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Sexual Harassment Part 6: Sexual Harassment in the Legal Workplace

Posted by Kira Fonteneau | Jul 15, 2019 | 0 Comments

In our series on sexual harassment in the workplace, we have looked at several industries that are different from one another but are similar in the fact that far too many of their workers are bullied or harassed because of their gender. In our final installment, we are going to look at sexual harassment in the legal profession.

Over the past few decades, numerous legal professionals have done outstanding work obtaining justice for those who have been victims of sexual harassment. But sadly, this problem is just as pervasive within the legal profession as it is in many other industries. And in fact, there are some unique reasons why sexual harassment may be even more difficult to address when it happens in law firms than when it happens in other workplaces.

Although firms take the harassment complaints of their clients very seriously, they tend to give much less weight to those who complain of harassment within their own ranks. Managers at law firms usually ask for a lot of proof that harassment is occurring, especially when a newer female associate complains about a male associate who brings in a lot of cases. Many firms simply do not want to investigate these types of situations for fear that they will find the complaint to be true and have to take disciplinary action against someone who is making the firm a lot of money.

How Bad is the Problem of Sexual Harassment in the Legal Workplace?

Various surveys have produced different results with regards to the number of people who are sexually harassed at law firms. In our last post, we referenced a study by the Center for Talent Innovation (CTI) of white-collar industries that found that 22% of women had been harassed in the legal services field.

However, a comprehensive study conducted by Acritas (a leading legal industry data collection firm) and published by Bloomberg News found that more than one out of every three (35%) of female lawyers had been sexually harassed at work. And what's worse is that 77% of female harassment victims never reported the incident.

It is easy to see why sexual harassment victims in the legal industry are very hesitant to report what has happened to them. As mentioned earlier, firms tend to be very complacent when this type of behavior is reported, and they often do not take it very seriously.

An even better reason not to tell anyone is fear of repercussions for reporting a senior associate who harasses you. What if this person was your mentor? What if this person was in charge of assigning cases to you? Are you really going to risk losing out on being part of an important case over a few remarks or sexual advances?

And what happens if your harassment complaints get leaked to the rest of the office? This could cause you to be shunned by your co-workers and labeled “difficult” to work with.

Ultimately, it is a major career risk to report sexual harassment in the legal workplace. You may not be believed, and worse, you may be embarrassed, humiliated, and end up with far fewer career advancement opportunities.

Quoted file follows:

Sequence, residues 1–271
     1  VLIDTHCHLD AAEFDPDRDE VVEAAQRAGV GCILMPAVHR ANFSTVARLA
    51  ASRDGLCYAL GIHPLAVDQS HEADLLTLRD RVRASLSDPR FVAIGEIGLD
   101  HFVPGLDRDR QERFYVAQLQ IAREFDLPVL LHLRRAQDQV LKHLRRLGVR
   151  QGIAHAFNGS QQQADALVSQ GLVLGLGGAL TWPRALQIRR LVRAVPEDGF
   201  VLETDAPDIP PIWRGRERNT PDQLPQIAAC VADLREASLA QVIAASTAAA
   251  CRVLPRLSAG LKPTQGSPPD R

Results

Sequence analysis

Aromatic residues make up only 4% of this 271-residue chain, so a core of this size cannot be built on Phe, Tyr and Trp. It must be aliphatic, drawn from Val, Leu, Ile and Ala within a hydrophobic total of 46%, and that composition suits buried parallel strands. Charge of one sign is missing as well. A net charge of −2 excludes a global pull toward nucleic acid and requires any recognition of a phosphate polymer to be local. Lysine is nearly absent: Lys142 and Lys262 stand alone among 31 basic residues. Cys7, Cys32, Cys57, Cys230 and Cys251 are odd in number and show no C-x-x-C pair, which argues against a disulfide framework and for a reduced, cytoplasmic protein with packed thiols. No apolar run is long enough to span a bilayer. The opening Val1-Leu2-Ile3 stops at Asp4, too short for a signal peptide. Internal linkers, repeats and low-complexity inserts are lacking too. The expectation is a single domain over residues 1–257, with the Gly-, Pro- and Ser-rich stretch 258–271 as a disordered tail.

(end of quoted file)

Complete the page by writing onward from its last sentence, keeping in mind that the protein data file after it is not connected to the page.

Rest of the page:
The Revolt Against Forced Arbitration in BigLaw Firms

For legal industry workers who are brave enough to report sexual harassment, they often find that they have more limited legal options than they may have believed. This is because the overwhelming majority of larger law firms (commonly known as BigLaw) have made it a practice to force new employees to sign mandatory arbitration clauses. This means that if an employee complains about being harassed, the complaint must be resolved through binding arbitration with no option to pursue a lawsuit.

Thankfully, the #MeToo movement is beginning to change all of this. Last year, a group of Harvard Law students known as the Pipeline Parity Project began a movement to pressure large law firms into dropping their mandatory arbitration clauses. So far, they have been able to successfully persuade dozens of BigLaw firms to drop these clauses, but numerous firms still have them, and there is still a long way to go in cleaning up the problem of sexual harassment in the legal field.

Have you Been Bullied or Harassed in the Legal Workplace? Speak with an Experienced Employment Law Attorney

If you have been a victim of sexual harassment as a legal worker or as a worker in any other industry, you are not alone, and the tide is beginning to turn against those who would prefer to sweep this problem under the rug. You no longer have to tolerate having to earn a living in a hostile work environment; you can fight back, and there is legal relief available, which may include monetary damages.

Attorney Kira Fonteneau has stood up for the working people of Alabama since 2005. Kira has successfully represented numerous clients who have been sexually harassed in the workplace, and she can meet with you to discuss your case and advise you of your legal rights and options. For a confidential consultation with attorney Fonteneau, call our office today at (404) 383-5720 or message us through our web contact form.

About the Author

Kira Fonteneau

Partner and Managing Attorney of the Alabama Trial Practice Group at Barrett & Farahany Kira Fonteneau is a partner and the managing attorney of the Alabama trial group of Barrett & Farahany. Kira chose to specialize in employment law because she wanted to help employees take back power. ...

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